When most people think of the Philadelphia Museum of Art, they think of the famous scene in Rocky where Sylvester Stallone finished his training run by sprinting up the stairs. It’s a great scene, and is currently memorialized with a statue in front of the building – but if that’s where your familiarity with the museum begins and ends, you’re missing out on quite a bit.
The Philadelphia Museum of Art began in 1919 and was completed in 1928, and designed by Horace Trumbauer’s firm, which also designed the Free Library of Philadelphia which is several blocks away. Situated atop a hill that overlooks the city, it was envisioned as the culmination of the Benjamin Franklin Parkway (originally the Fairmount Parkway), which began construction in 1917 and was hoped to be Philadelphia’s version of the Champs-Élysées in Paris. The museum grew to consist of several buildings along the parkway totaling over one million square feet of space: the Perelman Building, the Rodin Museum, and Mount Pleasant and Cedar Grove Park.
Over the years it has remained a nexus of classical and contemporary art in Philadelphia, with over 437,348 visitors in 2021 and 240,000 items on display in a collection that includes paintings and photography, furniture, arms and armor, tapestries, textiles, architectural objects, and more. Not counting the additional buildings, it is easy for a visitor to get caught up in one area and realize they’ve missed 90% of the museum – which is generally my favorite way to explore museums, as trying to absorb every collection can be exhausting. I also enjoy the challenge of trying to find specific artists or artwork. The Philadelphia Museum of Art has plenty of works by well-known sculptors and painters, including Manet, Renoir, Monet, Cézanne, van Gogh, Dali, Picasso, Chagall, and Duchamp, and there are also plenty of my personal favorites like Winslow Homer, Thomas Eakins, Hubert Robert, and Andrew Wyeth.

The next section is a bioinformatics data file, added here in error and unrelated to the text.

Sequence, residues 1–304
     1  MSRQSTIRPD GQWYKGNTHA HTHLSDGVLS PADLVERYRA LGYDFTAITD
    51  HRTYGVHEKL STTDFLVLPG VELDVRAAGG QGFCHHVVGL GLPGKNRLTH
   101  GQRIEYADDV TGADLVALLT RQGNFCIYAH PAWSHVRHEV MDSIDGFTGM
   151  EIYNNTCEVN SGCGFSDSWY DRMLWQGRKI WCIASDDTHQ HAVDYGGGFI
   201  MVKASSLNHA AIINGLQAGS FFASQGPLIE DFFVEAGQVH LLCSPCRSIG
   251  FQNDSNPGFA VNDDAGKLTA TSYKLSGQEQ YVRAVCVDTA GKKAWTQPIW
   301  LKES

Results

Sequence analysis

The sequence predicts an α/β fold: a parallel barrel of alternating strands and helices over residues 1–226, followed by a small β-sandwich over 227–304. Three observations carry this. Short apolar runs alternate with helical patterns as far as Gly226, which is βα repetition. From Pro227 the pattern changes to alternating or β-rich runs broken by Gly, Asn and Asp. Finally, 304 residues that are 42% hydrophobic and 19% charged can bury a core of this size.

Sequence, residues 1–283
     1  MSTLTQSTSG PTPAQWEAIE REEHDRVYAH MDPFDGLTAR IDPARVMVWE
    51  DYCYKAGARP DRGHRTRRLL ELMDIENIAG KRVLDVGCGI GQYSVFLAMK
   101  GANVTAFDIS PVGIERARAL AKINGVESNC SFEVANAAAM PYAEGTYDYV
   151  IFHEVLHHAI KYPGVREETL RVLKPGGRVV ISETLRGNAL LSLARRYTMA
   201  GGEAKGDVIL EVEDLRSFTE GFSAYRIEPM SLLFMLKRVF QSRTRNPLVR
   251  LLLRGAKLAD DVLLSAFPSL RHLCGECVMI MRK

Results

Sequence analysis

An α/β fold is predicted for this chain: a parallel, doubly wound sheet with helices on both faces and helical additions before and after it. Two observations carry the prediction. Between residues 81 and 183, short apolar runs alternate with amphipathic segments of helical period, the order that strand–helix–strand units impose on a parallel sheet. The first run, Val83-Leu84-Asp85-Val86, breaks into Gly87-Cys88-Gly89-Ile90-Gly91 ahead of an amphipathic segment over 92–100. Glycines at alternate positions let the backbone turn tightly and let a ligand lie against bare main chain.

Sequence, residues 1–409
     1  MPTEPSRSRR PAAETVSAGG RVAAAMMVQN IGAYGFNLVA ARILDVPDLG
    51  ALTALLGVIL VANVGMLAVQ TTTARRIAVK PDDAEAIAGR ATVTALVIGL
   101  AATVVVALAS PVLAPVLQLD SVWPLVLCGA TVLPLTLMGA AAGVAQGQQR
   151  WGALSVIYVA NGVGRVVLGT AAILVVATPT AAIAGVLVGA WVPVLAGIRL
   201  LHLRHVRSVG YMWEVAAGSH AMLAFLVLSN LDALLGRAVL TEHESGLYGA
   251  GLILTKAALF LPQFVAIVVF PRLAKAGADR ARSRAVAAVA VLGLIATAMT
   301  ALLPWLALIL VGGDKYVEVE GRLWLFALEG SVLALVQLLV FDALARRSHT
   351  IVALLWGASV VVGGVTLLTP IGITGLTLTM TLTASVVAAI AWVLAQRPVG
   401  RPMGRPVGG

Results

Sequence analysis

If you go on a nice day, plan to spend a bit of time walking along Kelly Drive or visiting some of the places to eat in the area. It’s also close to Eastern State Penitentiary and a number of other museums including the Franklin Institute and the Barnes Foundation. Entrance fees vary but adults are typically $25, although the museum has “Pay What You Wish” admission on the first Sunday of every month and on every Friday night. When you’re done, you can still get a photo with the Rocky statue on your way out!
Matthew Christopher PA Philadelphia Oct 11, 2022 Arts Museums Places to Visit